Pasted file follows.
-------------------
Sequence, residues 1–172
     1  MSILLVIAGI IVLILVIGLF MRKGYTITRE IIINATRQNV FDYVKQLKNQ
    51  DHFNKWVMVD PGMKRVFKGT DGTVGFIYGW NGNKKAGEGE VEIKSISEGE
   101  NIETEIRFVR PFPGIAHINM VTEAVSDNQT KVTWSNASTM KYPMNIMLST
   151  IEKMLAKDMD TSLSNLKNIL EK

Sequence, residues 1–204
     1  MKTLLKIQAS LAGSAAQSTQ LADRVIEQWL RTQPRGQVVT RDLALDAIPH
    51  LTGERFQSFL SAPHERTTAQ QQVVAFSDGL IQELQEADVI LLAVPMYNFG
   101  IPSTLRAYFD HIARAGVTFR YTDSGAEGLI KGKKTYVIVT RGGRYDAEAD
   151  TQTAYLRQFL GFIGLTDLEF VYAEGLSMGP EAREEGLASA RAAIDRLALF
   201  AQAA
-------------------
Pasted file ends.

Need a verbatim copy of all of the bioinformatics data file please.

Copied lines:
Sequence, residues 1–172
     1  MSILLVIAGI IVLILVIGLF MRKGYTITRE IIINATRQNV FDYVKQLKNQ
    51  DHFNKWVMVD PGMKRVFKGT DGTVGFIYGW NGNKKAGEGE VEIKSISEGE
   101  NIETEIRFVR PFPGIAHINM VTEAVSDNQT KVTWSNASTM KYPMNIMLST
   151  IEKMLAKDMD TSLSNLKNIL EK

Sequence, residues 1–204
     1  MKTLLKIQAS LAGSAAQSTQ LADRVIEQWL RTQPRGQVVT RDLALDAIPH
    51  LTGERFQSFL SAPHERTTAQ QQVVAFSDGL IQELQEADVI LLAVPMYNFG
   101  IPSTLRAYFD HIARAGVTFR YTDSGAEGLI KGKKTYVIVT RGGRYDAEAD
   151  TQTAYLRQFL GFIGLTDLEF VYAEGLSMGP EAREEGLASA RAAIDRLALF
   201  AQAA